Now Vigo takes us to Carnival in Nice, and here again we get the ideas of ends and endlessness. Carnival marks the beginning of Lent and the ending to a gay and playful time when these people are allowed to eat meat and play around, although I suspect few observe such old-fashioned religious rituals. Vigo has fun with the gigantic heads being paraded and the costumes and masks and flowers being thrown—no end to these, and no end to the labor of painting and picking them. And inside, carrying the huge masks: workers.

    Vigo then gives us a shot that will recur to the end of the film, a shot up the skirts of some young women dancing on a platform, a kind of jiggling dance on and on with equally jiggly music. But cross-cut with the dancers Vigo gives us a military officer riding, a military parade, cemetery crosses, warships (?) in the harbor—the serious things of life and death—a priest who is the sign of disapproval of the dancing (and Vigo’s shots) but only the sign; it doesn’t happen. Then Vigo cuts to a funeral procession in the street (a painful contrast to the frivolous carnival parade and the military parade). It represents an end, surely, but it is also a procession whose end we do not see.

    Back to the tourists and an officer with medals and a joke shot of the shoeshine down to the bare foot, a joke surely, but cross-cut with cemetery art a reminder that we are all flesh. He follows it with a shot up the pants and skirts of people walking over a manhole. Then back to the dancing girls. A man works on his abs—more flesh. Vigo makes a bawdy joke with the crotch of one of the statues, reminding us, me anyway, of the shots looking up the dancers’ skirts.

    This flamboyant series of rapid cuts from the first shot of the dancing girls to the end of the film—I counted thirty-five— deserves a shot-by-shot analysis, but this is not the place for it. Some motifs are clear: the contrast between the dancing, jiggly girls, flesh, sex, opposed to the solemn stillness of the cemetery statues and the eternal sea and trees. Shots of sea, sky, and trees remind me, in this context of birth and death, of the long cycles of nature as opposed to the jittery, purposeless activities of the tourists.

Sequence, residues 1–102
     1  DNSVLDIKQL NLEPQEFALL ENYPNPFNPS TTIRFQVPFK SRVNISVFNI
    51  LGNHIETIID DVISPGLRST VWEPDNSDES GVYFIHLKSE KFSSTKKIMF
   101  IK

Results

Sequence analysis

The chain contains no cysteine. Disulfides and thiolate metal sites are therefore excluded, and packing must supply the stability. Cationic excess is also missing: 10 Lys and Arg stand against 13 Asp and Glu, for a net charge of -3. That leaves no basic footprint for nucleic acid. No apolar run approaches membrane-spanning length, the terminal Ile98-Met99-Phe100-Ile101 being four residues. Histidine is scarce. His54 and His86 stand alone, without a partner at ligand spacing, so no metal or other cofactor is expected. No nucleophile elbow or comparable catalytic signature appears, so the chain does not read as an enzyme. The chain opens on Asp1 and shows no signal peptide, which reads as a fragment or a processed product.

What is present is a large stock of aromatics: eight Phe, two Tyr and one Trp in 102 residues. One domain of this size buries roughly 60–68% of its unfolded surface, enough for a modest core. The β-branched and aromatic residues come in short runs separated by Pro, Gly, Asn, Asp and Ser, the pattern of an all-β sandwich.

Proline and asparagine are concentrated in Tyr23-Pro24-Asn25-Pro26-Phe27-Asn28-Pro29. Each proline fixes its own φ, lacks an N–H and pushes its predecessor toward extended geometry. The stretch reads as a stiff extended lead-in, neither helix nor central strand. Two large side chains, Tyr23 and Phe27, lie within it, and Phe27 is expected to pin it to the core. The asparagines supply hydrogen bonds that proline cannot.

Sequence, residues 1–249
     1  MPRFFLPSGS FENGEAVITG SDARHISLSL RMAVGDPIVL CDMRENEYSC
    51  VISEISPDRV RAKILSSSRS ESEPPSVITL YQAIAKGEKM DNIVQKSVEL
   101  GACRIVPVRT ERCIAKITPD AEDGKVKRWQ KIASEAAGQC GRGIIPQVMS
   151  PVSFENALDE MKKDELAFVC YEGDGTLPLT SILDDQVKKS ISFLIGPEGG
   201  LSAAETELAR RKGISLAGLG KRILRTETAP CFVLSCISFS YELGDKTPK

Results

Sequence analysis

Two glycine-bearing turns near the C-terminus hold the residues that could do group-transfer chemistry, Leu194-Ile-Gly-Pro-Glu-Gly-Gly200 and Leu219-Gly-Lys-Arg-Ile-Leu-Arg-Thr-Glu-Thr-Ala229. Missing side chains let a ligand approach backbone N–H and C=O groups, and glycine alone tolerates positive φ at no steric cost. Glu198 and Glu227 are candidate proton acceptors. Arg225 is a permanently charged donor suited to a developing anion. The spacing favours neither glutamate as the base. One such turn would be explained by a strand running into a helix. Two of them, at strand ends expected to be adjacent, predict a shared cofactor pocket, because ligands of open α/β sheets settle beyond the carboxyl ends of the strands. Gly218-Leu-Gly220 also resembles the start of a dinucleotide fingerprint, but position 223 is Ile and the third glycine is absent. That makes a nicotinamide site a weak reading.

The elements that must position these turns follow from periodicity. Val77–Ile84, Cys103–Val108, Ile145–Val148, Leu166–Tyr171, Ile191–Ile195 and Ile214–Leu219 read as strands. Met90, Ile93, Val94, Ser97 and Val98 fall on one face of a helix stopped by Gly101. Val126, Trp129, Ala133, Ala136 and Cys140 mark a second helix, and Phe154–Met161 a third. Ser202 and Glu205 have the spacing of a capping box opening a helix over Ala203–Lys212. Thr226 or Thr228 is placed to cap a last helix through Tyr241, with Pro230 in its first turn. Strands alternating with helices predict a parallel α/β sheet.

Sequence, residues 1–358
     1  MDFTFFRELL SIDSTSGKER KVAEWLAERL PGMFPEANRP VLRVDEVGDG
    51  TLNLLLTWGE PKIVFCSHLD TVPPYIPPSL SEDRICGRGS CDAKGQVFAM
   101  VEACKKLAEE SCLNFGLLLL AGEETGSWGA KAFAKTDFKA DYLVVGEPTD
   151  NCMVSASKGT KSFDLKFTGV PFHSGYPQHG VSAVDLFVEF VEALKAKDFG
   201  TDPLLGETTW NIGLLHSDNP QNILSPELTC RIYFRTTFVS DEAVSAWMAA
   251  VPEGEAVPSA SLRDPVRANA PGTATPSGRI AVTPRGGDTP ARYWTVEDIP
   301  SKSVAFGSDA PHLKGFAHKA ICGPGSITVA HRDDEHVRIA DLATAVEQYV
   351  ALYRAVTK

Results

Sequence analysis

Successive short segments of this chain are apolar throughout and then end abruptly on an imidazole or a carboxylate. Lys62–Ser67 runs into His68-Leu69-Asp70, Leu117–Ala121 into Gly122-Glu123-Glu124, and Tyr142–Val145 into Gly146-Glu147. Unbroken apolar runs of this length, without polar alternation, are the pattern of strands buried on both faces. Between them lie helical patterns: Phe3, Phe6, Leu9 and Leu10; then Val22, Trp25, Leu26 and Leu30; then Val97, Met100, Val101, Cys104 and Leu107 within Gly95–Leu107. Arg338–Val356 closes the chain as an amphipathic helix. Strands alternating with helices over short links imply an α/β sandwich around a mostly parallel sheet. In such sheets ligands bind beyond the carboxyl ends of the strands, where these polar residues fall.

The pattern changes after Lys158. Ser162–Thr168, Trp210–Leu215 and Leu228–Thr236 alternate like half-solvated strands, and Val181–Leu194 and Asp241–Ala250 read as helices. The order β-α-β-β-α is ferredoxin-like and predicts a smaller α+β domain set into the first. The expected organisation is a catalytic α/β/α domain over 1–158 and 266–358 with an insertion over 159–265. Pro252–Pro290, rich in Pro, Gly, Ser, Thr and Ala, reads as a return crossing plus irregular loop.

A break in this pattern comes with the first appearance of a factory smokestack, this time with no smoke coming out of it, contrasted with a chattering older woman. Then Vigo shifts to factory chimneys that do have smoke coming out—purposeful activity. And we see laughing workers. One man shovels coals into a blazing smelter, purposeful activity. The closing shot shows a furiously smoking smokestack, presumably purposeful, certainly a contrast to the quick, purposeless flash of the fireworks in the opening shot. Vigo has contrasted the first part of the film, the aimlessness of touristy Nice, with, in the ending, the purposeful activity of workers and their glee at the transition. Even the chattering woman seems pleased.

    Many critics write off á propos de Nice as simply Vigo’s freshman effort, inventive, witty, but ultimately a simplistic political documentary. I find that reading unsatisfactory, given the cemetery statues, the funeral procession (a comment on the other parades), shots up the dancing girls’ skirts, as well as the frankly humorous shots of the tourists endlessly walking and sunning themselves. I think Vigo was developing his witty, pararealistic style to a more serious fin or end, and the result is a film I can genuinely admire.

Opening shot: fireworks



Half of a tennis game



Dancing women (and Vigo)

Funerary sculpture

A smiling worker

Closing shot: a smoking chimney

Enjoying: Strangely, I think this is a film that lends itself to meditation. Recall some of the key shots with the idea of the Garden of Eden curse in your mind.